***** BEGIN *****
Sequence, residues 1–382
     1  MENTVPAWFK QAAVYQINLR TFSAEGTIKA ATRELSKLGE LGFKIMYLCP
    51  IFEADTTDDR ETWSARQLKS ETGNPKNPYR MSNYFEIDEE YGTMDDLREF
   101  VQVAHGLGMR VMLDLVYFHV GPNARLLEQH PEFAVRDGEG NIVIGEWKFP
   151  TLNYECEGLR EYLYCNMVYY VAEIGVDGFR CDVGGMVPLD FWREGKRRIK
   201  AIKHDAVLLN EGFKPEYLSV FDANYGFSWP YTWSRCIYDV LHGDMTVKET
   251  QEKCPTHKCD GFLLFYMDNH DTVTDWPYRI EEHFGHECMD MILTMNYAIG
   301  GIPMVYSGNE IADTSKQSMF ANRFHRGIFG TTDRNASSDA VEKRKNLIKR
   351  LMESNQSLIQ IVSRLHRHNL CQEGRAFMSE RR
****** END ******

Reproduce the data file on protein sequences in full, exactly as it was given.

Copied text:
Sequence, residues 1–382
     1  MENTVPAWFK QAAVYQINLR TFSAEGTIKA ATRELSKLGE LGFKIMYLCP
    51  IFEADTTDDR ETWSARQLKS ETGNPKNPYR MSNYFEIDEE YGTMDDLREF
   101  VQVAHGLGMR VMLDLVYFHV GPNARLLEQH PEFAVRDGEG NIVIGEWKFP
   151  TLNYECEGLR EYLYCNMVYY VAEIGVDGFR CDVGGMVPLD FWREGKRRIK
   201  AIKHDAVLLN EGFKPEYLSV FDANYGFSWP YTWSRCIYDV LHGDMTVKET
   251  QEKCPTHKCD GFLLFYMDNH DTVTDWPYRI EEHFGHECMD MILTMNYAIG
   301  GIPMVYSGNE IADTSKQSMF ANRFHRGIFG TTDRNASSDA VEKRKNLIKR
   351  LMESNQSLIQ IVSRLHRHNL CQEGRAFMSE RR